Al Qaeda in Iraq reasserts itself as war in Syria drives regional conflict

Al Qaeda's Iraq faction is already a major player in the Syrian conflict. This past week, it dramatically reasserted itself in Iraq by seizing parts of the western Anbar province.

Tribal fighters who have been deployed onto the streets, patrol in the city of Fallujah, 50-kilometres west of Baghdad on January 5, 2014. Government officials in western Anbar province met tribal leaders to urge them to help repel Al Qaeda-linked militants who have taken over parts of Ramadi and Fallujah, strategic Iraqi cities on the Euphrates River. Reuters
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Istanbul // The Islamic State of Iraq and the Levant was born in conflict a decade ago and is now thriving due to the new war in Syria.

Also known as Al Qaeda in Iraq and Levant, or, as Da’ash in Arabic, the group has become a major player in Syria and, in the past week, has dramatically reasserted itself by seizing parts of Iraq’s Anbar province.

The group has its roots in the Sunni-dominated western province, where it was established in 2003 by radical Islamists intent on fighting invading US troops.

Abu Musab Al Zarqawi, a Jordanian who led the fledging movement, quickly became one of the most feared and notorious figures in the Iraq war.

Swearing allegiance to Al Qaeda, he embarked on attacks against US forces, the struggling Iraqi authorities, international aid groups and, with the most dire consequences, against Iraq’s Shiite community.

A series of atrocities against Shiite civilians and shrines eventually provoked a sectarian war in Iraq – something Al Zarqawi had aimed to do – and it quickly created bloody chaos throughout the country.

Eventually the group’s extremism – it was known for gruesome videos showing hostages being beheaded – turned local supporters against it and, in conjunction with US troops, Sunni tribesmen and Iraqi government forces routed it from power bases in Mosul, Baquba, Ramadi, Fallujah and to the so called triangle of death, a killing zone south of Baghdad.

Al Zarqawi was killed in a US airstrike in 2005, US troops eventually pulled out at the end of 2011, and that appeared to be the end of Al Qaeda in Iraq. However, it turned out not to be that simple.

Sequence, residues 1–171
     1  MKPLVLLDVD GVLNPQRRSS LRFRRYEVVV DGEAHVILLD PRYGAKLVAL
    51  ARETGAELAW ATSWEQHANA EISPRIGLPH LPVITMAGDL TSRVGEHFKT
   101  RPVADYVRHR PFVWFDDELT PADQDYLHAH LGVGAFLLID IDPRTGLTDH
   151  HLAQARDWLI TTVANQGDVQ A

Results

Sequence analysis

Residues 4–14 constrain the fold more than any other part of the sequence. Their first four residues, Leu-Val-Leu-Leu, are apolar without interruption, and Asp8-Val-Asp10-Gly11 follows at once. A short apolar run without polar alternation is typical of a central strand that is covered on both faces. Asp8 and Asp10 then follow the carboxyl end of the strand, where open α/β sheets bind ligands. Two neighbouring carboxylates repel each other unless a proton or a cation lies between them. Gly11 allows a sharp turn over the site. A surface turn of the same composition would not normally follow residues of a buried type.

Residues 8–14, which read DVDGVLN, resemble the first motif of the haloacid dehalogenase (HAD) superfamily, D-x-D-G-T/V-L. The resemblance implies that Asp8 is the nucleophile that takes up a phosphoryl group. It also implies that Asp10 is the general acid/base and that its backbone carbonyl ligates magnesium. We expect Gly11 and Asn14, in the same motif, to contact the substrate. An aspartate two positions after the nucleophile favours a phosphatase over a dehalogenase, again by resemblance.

Underlying political problems in Baghdad went unaddressed by an increasingly imperious and sectarian-minded Shiite prime minister, Nouri Al Maliki and, in the absence of a genuinely inclusive national settlement, Sunni grievances in western Iraq festered. Al Qaeda in Iraq, dramatically weakened but not destroyed, began to revive and regroup under new leadership.

The start of the Syrian uprising or, more specifically, the strategy of President Bashar Al Assad’s regime to ignite a civil war rather than make genuine political reforms, in a desperate bid to cling to power, gave Al Qaeda in Iraq a golden opportunity to reassert itself.

As peaceful Syrian protesters were gunned down, arrested and tortured by regime security forces, an armed rebellion began to spread, one increasingly tarnished with sectarianism, broadly pitting a ruling Shiite sect, the Alawites, against the dispossessed Sunni majority.

In January 2012 Abu Bakr Al Baghdadi, Al Qaeda in Iraq’s leader, sent teams to establish a network, Jabhat Al Nusra, in Syria.

As the international community watched, doing nothing to stop the spreading war, Al Qaeda, bolstered by an influx of foreign fighters, joined the fight.

In many ways, 2013 was Al Qaeda’s year in Syria, with its affiliates emerging as the regime’s most implacable and effective military foe.

It was also a classic case of blowback. In Afghanistan, the US had fuelled Islamist militancy to defeat Soviet forces in the 1980s. Al Zarqawi was among those who joined that fight against the Russians.

Similarly, after the US-led invasion of Iraq, President Bashar Al Assad helped radical Islamists wage war against the US and the Iraqi government. Militants, Syrian and foreign, and weapons flooded across the border, facilitated by regime security networks in Damascus.

Those same militants, many of them freed from Syrian jails by Mr Al Assad after the uprising started, turned their guns against his regime, some of them under the Al Qaeda banner.

The Islamic State of Iraq and the Levant (Isil) - as it was officially branded in April 2013 - is drive by a political programme. It seeks to establish a caliphate, ultimately across the Arab world, ruled in accordance with its own austere and highly intolerant interpretation of Islam.

The group’s refusal to compromise, its brutal violence and its ability to spread fear are its hallmark, and perhaps its greatest strength. They are also its most obvious weakness.

Just as Al Qaeda’s allies in Iraq’s Sunni tribes eventually turned against it, now in Syria there are increasing incidents of Isil forces clashing with other powerful Islamic rebel factions – groups ostensibly on the same side in the war against the regime.

There has also been a schism within the Al Qaeda movement, with Jabhat Al Nusra and Isil splitting with ill-concealed acrimony. Hardly a liberal group, the Syrian-dominated Al Nusra also seems to have tired of Isil’s belligerence.

So too does Al Qaeda’s leader, Ayman Al Zawahiri, who chastised Al Baghadadi in November and ordered Isil be dissolved, leaving the  field open for Al Nusra. That was an order Isil has shown no sign of obeying.

If, over the coming months, Isil is beaten back in Iraq by government forces and in Syria by other, less extreme, rebel factions, it will be a relief to many Syrians and Iraqis alike, and to the international community.

But, the pattern is clear. Without inclusive political settlements, and in the absence of justice and peace, the environment remains ripe for outbreaks of extremism and ideally suited for groups like the Isil to rise.